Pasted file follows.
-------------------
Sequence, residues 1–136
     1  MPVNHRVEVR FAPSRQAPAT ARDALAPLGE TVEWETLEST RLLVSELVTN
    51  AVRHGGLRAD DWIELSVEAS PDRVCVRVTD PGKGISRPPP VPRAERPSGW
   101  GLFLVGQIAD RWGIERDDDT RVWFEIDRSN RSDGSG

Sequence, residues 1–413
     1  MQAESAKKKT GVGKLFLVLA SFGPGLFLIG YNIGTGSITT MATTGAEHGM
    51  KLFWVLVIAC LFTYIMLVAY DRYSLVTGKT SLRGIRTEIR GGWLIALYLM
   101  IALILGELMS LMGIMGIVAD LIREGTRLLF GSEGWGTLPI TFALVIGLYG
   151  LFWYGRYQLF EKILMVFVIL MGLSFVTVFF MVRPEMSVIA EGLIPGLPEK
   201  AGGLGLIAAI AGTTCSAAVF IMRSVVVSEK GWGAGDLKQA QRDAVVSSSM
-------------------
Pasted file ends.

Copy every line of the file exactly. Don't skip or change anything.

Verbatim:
Sequence, residues 1–136
     1  MPVNHRVEVR FAPSRQAPAT ARDALAPLGE TVEWETLEST RLLVSELVTN
    51  AVRHGGLRAD DWIELSVEAS PDRVCVRVTD PGKGISRPPP VPRAERPSGW
   101  GLFLVGQIAD RWGIERDDDT RVWFEIDRSN RSDGSG

Sequence, residues 1–413
     1  MQAESAKKKT GVGKLFLVLA SFGPGLFLIG YNIGTGSITT MATTGAEHGM
    51  KLFWVLVIAC LFTYIMLVAY DRYSLVTGKT SLRGIRTEIR GGWLIALYLM
   101  IALILGELMS LMGIMGIVAD LIREGTRLLF GSEGWGTLPI TFALVIGLYG
   151  LFWYGRYQLF EKILMVFVIL MGLSFVTVFF MVRPEMSVIA EGLIPGLPEK
   201  AGGLGLIAAI AGTTCSAAVF IMRSVVVSEK GWGAGDLKQA QRDAVVSSSM